One can change his/her Will innumerable times in his life span. In fact, it is recommended that the Will be revisited every 3-5 years due to changes in financial status, relationship status, social status and the like. The last dated Will is the final Will. Changes to a Will can also be done through codicil.
Key ingredients of a Will are as follows :-
Testator Details :
Name, age, address details of the person making the Will.
Legal declaration :
A Will is a declaration by which a living person (called testator) declares his desires or intentions. The declaration must be legal.
With respect to his/her property :
A Will can only be made with respect to the property that the testator owns or has rights over. The simple rule is that one can only give what one has. There is no way that one can give away something that one does not have.
The details of the properties which the testator wants to give to his beneficiaries under his Will like the description, the registration and whether it is his self acquired property etc. If it a movable property, then the details and description of each should be clearly and individually mentioned.
One can bequeath pets, paintings, antiques, electronic items, furniture & fixtures, intellectual properties like Trademark, Patents, Copyrights, Licenses, Social Media Accounts, Personal Belongings, Books, etc.
Ancestral properties in which title / ownership is legally transferred are allowed to be bequeathed by a Will.
Beneficiary Details :
In case of multiple beneficiaries, the details of each beneficiary like name, age, address, relationship of the beneficiary with the Testator.
Desires to be carried into effect after his/her death :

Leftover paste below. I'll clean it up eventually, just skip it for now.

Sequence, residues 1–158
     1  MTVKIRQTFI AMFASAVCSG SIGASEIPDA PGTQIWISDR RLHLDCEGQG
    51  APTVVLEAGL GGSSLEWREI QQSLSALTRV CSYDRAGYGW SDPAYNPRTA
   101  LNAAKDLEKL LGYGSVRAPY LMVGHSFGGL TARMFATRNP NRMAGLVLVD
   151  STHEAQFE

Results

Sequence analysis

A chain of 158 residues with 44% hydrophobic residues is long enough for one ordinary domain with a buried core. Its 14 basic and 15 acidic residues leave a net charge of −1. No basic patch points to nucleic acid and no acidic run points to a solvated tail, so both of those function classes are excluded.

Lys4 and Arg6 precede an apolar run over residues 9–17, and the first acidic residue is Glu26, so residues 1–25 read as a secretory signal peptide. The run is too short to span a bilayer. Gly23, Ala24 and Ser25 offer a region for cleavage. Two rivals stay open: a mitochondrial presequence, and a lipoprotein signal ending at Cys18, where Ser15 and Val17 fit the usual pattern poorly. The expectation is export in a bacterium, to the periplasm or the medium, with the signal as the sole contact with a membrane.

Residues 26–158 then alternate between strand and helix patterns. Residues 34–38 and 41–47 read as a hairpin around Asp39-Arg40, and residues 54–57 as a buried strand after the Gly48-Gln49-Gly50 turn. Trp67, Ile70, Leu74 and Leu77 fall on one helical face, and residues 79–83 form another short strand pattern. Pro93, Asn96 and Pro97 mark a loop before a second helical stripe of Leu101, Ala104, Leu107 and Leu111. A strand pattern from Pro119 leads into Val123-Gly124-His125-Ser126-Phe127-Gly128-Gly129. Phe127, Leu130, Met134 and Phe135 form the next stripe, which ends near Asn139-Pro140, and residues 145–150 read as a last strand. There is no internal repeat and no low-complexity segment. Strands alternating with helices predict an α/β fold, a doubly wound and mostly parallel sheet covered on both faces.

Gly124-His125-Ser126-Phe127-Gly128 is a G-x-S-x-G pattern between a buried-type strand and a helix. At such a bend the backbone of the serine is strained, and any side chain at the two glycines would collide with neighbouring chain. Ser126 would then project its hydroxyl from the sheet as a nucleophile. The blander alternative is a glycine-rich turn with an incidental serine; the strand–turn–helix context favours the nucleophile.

The Will must state clearly that the testator desires that it comes into effect after his/her death. A renunciation during one’s lifetime does not amount to a Will. If the document desires to partition property among the testator’s sons while the testator is still living, the document cannot be called a Will.
Guardian for Minors :
If the Testator wishes to give his property to any beneficiary who is a minor, then definitely he should appoint a guardian who will take care of the minor’s property till the minor attains majority.
Many times, people create a Trust by way of Will for the benefit to all the Legal Heirs, Friends, Relatives or for Charitable Purpose.
Executor of the Will :
The Testator should appoint an Executor to his Will. An Executor is a person who shall implement the Will after the document just below the last sentence in the document.
The Testator cannot give any property that is joint family property or ancestral property that is common to many other members too. Such a Will becomes void.
What are special provisions in case of will by Muslims :- Muslims are mainly governed by their personal laws in respect to Will and Inheritance, and only certain part of general succession law in India , known as Indian Succession applies to them. As a general rule, Muslims can make a Will of only 1/3 rd of his/her properties and the remaining properties are distributed in tested succession as per the Sheriat Act.
CODICIL to the Will :- If a testator intends to make a few changes to the Will, without changing the entire Will, he can do so by making a codicil to the Will. The codicil can be executed in a similar way as the Will. One must note that a Will or Codicil is not unalterable or irrevocable. They can be altered or revoked at any time.When you decide to make a Will, what not to miss when making a Will:
• The testator should have attained the age of majority.
• Will can be made a person having a sound mind.
• It is recommended to attach the Doctor’s Certificate as a proof for the same.
• It is recommended that an expert be involved in the drafting of the Will.
• It is suggested that every page of the Will should be signed by the testator with page numbers mentioned therein.
• The testator should sign his Will in the presence of at least two witnesses.
• The Will should be attested by the two independent witnesses.
• Witness can be anyone other than beneficiary.
• The video recording of the Will signing ceremony is also recommended.
• Executor must be communicated about the place of storage.
• It should be clearly mentioned that this is the last Will and it supersedes all other Wills.
Disclaimer :- (You are advised to consult your Legal Counsel before taking any decisions. This is issued only for the purpose of public awareness and information. The Contributor or any of his employees/associates will not take any responsibility for any actions of the reader based directly or indirectly on the basis of the above Article.)